Anonymous Review Matters

An April 2006 JAMA reported big effects of switching to anonymous peer review for presenting at the AHA annual meeting.  Science News reported:

The survey focused on some 67,000 research abstracts submitted to the American Heart Association (AHA) between 2000 and 2004. … Beginning in 2002, AHA changed its review process so that authors’ names and affiliations were stripped from abstracts before they were sent out for peer review. … For instance, during 2000 and 2001, abstracts from U.S. authors were 80 percent more likely to be accepted … After blinding, the U.S.-based papers were only 41 percent more likely to be accepted, … Similarly, the share of abstracts from faculty at highly regarded U.S. research universities dropped by about 20 percent, after blinding. For authors in government agencies, the acceptance rate fell by 30 percent.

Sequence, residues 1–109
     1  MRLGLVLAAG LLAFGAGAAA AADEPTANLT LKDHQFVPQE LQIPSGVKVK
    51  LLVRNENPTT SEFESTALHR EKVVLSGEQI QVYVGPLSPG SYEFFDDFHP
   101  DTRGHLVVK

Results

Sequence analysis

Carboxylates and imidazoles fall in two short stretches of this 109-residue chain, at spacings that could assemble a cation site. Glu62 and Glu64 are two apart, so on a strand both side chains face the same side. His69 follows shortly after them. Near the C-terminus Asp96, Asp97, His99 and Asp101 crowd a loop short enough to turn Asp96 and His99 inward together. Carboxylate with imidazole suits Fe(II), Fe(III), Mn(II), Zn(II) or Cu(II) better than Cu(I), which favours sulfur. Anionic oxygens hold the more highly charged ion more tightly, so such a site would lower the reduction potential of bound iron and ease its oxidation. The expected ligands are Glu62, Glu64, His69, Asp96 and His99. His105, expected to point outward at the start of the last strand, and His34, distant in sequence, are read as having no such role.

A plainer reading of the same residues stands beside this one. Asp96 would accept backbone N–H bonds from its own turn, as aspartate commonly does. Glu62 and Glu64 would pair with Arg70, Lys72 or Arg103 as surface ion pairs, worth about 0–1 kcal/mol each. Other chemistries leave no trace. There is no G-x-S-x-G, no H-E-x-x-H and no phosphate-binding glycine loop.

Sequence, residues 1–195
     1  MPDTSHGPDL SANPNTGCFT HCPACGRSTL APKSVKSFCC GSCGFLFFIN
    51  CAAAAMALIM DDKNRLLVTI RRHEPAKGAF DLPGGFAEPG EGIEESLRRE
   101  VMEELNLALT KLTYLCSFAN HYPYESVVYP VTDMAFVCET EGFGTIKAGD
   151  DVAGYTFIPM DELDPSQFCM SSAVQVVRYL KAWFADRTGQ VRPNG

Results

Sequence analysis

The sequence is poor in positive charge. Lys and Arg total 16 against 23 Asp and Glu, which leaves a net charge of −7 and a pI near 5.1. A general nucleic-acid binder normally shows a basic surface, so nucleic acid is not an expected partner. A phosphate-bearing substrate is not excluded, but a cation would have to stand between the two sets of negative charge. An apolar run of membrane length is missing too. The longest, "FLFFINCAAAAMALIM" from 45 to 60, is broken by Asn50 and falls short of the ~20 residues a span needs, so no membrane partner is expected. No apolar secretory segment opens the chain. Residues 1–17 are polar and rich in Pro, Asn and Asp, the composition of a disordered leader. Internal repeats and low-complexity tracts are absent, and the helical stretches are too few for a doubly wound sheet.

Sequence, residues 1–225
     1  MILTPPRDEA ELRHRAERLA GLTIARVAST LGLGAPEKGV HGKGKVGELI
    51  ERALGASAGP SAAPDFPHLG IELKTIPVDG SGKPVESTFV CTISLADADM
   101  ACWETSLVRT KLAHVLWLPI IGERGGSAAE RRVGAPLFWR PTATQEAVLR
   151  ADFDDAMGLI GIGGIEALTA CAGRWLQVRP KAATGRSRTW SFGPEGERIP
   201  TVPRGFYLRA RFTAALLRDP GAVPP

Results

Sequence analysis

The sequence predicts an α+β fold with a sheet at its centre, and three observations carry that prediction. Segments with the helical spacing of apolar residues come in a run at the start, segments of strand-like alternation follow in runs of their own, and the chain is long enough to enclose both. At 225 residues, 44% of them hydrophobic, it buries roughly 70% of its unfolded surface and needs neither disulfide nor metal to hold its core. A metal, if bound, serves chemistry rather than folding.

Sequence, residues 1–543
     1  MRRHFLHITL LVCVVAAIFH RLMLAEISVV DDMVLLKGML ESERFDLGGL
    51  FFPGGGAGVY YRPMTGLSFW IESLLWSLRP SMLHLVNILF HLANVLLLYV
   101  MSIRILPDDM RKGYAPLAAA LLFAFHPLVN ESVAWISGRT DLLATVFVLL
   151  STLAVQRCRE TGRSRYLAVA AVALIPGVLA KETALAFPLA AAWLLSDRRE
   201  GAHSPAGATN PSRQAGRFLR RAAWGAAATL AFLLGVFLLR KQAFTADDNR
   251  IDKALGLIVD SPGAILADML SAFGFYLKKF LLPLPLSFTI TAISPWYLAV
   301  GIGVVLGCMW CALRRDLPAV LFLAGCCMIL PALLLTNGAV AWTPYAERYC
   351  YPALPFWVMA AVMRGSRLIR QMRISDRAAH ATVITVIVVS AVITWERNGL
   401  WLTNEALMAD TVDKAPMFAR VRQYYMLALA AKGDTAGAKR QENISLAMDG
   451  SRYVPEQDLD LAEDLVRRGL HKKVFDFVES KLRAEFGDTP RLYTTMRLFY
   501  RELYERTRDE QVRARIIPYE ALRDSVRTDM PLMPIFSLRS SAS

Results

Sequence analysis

Clearly reviewers were using author names and affiliations as clues about quality, since their choices changed when they no longer had access to such clues.  But this study says nothing about whether this practice was biased, since it didn’t look at any other indicators of paper quality.  Hat tip to Rafe Furst.

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